We may do all of the above, but we also  must realize that all we do  to preserve and protect the Dharma can not be fully accomplished without its promotion. Yes, we have to promote the good and  the depth of this Vedic culture. Such promotion may start amongst other Hindus, or within our family, Indian community, etc. Or it may also be done in ways to share our culture with other non-Hindus who are interested, such as inviting them to a festival, to the temple and showing them around, or just having a lunch with them at the local Indian restaurant and sharing the stories of your own life on how  your culture has had positive effects on you. This is easy, there is nothing hard about it. And if you don’t know what to say, then give them a brochure, or a booklet or book that explains the basics of the philosophy so they can start to understand it or look more deeply into it. (And I’ve got plenty of free brochures  or booklets on my website that I can send you if you need them.) Basically, whether you like this idea or not, we must learn to promote the values of the Vedic tradition in order to help preserve and  protect  it, and so others can appreciate it by seeing what it has to offer. This is a reality of these times, and the need  for people to understand us. No matter what other religions you see, they all engage in strong promotion in order for people to understand them, or to attract other people to support or be a part of them. Thus, without proper promotion of Vedic culture, the cultivation of it and the protection and preservation of it remains incomplete. If we can present it properly, in a way in which it makes sense to the people, then they will understand it. It’s all in the presentation.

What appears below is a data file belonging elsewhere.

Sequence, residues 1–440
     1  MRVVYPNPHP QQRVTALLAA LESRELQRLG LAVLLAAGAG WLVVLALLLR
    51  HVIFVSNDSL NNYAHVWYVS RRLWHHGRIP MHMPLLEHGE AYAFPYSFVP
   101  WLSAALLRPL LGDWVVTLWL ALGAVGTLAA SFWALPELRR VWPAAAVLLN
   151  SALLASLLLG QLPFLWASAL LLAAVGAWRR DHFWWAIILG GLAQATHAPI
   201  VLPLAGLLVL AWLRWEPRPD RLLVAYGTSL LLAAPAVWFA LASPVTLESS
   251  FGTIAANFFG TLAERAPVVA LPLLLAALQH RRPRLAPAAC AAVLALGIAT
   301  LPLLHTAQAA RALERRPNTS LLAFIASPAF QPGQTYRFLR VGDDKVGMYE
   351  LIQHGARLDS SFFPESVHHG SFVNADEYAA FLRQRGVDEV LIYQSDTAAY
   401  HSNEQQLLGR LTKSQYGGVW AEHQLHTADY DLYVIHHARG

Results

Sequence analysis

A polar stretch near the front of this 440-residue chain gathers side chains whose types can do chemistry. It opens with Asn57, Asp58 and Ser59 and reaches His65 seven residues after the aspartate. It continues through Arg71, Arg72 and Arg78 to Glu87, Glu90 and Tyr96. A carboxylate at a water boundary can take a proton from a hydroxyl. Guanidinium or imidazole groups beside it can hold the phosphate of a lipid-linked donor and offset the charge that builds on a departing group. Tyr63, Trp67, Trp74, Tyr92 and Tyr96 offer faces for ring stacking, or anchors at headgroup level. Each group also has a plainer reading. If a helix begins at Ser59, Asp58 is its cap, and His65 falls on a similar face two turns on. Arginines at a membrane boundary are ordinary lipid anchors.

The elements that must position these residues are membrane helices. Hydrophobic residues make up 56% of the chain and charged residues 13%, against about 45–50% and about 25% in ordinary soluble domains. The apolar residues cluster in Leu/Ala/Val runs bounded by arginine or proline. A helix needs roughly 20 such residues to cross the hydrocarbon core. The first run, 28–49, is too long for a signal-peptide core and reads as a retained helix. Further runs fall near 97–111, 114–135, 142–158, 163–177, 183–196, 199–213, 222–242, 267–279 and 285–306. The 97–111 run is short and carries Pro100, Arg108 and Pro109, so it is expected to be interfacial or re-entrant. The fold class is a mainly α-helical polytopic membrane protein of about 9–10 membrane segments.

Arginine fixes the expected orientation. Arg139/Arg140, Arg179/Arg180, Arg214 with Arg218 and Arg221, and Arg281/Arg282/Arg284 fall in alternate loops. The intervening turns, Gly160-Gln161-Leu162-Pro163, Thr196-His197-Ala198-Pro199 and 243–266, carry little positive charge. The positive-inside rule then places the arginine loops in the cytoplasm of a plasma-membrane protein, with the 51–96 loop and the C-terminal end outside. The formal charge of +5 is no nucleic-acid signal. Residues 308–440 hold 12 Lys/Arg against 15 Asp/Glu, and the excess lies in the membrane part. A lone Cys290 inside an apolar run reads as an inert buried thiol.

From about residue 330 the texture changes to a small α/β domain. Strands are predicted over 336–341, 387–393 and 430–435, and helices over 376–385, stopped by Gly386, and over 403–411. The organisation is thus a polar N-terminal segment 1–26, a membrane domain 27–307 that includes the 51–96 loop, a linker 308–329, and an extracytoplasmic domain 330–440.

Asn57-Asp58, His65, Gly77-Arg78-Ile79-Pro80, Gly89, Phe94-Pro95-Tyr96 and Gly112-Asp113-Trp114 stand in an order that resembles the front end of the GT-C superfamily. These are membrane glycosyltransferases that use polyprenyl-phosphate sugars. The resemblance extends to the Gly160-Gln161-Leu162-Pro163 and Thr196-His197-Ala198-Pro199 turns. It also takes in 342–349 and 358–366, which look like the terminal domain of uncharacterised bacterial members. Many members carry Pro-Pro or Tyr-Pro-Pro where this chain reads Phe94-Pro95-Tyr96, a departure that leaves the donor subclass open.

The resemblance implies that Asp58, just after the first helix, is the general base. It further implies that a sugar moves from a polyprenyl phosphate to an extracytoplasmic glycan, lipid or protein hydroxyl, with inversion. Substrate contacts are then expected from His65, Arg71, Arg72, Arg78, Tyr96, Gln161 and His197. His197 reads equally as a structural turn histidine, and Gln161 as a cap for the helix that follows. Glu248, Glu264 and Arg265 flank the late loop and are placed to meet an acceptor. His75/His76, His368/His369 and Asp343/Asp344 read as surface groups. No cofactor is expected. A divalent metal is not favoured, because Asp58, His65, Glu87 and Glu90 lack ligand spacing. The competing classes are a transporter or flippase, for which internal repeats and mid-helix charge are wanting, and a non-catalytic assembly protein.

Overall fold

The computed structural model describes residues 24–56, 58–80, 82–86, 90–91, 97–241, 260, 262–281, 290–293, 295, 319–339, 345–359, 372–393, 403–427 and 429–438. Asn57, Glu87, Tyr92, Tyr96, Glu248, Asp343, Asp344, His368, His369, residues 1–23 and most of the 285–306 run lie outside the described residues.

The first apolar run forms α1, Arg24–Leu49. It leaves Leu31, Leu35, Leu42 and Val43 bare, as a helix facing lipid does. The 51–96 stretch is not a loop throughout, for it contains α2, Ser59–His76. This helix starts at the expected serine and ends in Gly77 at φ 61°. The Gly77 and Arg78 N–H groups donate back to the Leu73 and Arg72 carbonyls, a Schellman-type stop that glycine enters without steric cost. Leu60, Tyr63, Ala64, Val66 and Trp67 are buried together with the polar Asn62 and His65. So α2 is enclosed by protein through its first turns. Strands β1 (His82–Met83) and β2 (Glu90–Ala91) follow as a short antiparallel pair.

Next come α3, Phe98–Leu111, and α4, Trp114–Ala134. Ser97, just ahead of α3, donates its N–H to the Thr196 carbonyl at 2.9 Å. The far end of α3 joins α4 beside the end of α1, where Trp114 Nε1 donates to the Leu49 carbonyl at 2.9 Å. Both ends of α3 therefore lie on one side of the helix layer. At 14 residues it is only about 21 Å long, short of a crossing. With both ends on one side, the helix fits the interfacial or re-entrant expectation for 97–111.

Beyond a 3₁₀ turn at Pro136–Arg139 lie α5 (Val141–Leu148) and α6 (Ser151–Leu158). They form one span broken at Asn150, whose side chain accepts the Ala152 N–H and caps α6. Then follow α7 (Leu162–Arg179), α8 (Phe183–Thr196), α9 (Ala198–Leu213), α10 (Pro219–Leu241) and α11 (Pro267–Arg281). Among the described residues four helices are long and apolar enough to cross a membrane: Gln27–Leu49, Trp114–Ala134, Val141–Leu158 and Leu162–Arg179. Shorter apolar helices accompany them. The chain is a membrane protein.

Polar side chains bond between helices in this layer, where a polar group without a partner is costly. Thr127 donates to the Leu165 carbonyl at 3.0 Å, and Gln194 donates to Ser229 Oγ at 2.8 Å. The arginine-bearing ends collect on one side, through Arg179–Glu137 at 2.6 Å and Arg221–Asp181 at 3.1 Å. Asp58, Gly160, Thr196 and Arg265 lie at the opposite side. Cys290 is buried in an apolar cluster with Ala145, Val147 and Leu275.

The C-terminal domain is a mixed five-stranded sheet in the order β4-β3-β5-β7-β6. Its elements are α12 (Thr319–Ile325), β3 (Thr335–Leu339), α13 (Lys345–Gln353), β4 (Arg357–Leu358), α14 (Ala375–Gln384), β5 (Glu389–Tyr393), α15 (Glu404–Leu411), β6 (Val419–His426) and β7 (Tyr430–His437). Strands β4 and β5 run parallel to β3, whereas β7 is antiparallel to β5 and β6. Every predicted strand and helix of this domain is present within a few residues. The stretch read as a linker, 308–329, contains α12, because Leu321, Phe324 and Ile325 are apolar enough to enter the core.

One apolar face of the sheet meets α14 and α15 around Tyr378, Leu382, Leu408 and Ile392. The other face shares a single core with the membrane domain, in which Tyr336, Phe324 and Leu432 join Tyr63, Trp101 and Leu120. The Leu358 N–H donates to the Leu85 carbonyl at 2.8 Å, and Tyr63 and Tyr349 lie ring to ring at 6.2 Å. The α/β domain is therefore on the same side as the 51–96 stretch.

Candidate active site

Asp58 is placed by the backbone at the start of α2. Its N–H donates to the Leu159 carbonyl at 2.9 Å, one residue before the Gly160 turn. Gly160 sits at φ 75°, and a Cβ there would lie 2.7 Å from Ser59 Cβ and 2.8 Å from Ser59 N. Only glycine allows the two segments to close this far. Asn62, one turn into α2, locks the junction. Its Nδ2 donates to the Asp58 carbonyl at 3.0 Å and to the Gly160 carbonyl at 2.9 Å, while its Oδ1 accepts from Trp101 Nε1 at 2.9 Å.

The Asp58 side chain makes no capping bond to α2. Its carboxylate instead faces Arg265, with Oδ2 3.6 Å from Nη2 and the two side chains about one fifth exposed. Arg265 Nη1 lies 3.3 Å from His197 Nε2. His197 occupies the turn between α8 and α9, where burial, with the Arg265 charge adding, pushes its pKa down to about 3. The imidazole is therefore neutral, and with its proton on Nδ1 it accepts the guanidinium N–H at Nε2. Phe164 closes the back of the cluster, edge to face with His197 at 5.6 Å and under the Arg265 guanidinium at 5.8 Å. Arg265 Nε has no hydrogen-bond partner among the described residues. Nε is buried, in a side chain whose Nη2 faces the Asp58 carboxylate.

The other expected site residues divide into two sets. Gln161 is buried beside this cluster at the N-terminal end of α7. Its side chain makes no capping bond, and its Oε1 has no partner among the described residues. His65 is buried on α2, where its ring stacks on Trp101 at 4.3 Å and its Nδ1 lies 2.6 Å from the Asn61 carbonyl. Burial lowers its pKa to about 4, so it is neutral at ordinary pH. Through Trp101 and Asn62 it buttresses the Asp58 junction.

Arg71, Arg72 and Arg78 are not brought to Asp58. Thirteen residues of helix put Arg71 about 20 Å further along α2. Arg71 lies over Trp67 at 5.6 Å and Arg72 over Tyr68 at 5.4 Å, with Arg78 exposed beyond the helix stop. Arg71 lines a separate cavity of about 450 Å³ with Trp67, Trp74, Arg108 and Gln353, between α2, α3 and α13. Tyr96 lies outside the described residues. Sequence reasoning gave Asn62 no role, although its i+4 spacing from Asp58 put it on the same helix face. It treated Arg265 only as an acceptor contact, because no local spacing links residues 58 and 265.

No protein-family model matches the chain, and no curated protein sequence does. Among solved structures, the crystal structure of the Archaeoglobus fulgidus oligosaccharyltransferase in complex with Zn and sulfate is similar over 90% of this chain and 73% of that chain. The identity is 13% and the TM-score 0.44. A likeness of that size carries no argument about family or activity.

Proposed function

Such promotion may also include advertising the activities at the local temple, or about the festivals that are being held, or that all in the community are welcome to attend. Such promotion may also involve preparing publications, websites, radio programs, and other ways that help people to get to know about the unique and profound characteristics of the Vedic culture. You never  know what might  happen  through such endeavors. You may find others, such as westerners, who want to participate, or even help support the temple, festivals or projects.

To give an example, I was giving a presentation to around 120 people of an interfaith group at the Cincinnati Hindu temple. It was a presentation on how the Divine appears in Vedic art and the various forms and deities of God. Later, as the people were given a tour of the temple and further explanations of the temple deities, so many people came up to me to  express how much they liked the presentation and slideshow. But they also would say that though they have been Catholics, or practicing Jews for years, they have never felt a strong connection to their religion. But they were really attracted and felt a kinship with what they were experiencing at the Hindu temple that evening. So, we encouraged them to visit  more often and read about the Vedic traditions to learn more about it. This proves that you never know what can happen, and that people from all walks of life can feel attracted. We need to realize how special this spiritual culture is and not be afraid to share it with others.


We must object to all prejudice against Vedic culture and Hinduism in the media. Why are people so easy going about writing and publishing any damn criticism about India and Hindus and Hinduism? Because they know that in most cases, no one and nothing will be done about it. No one will stand up against them. This attitude must change. In America, the free press is for everyone. In other words,  you can also write into the editor of any publication to object to something you disagree with. However, the point to remember is that the more who do that, the more effective it is. And this is where group cooperation becomes very important and influential. If someone denigrates a Hindu or Hinduism, it is not so difficult to write a letter and demand an apology. But if that same letter is circulated to a large group, along with the email or address of the editor, and many people start signing it and sending it in, it will flood the editor’s office or email address and certainly get noticed. In today’s world of communication, a program of protest could be put together and accomplished within a few days.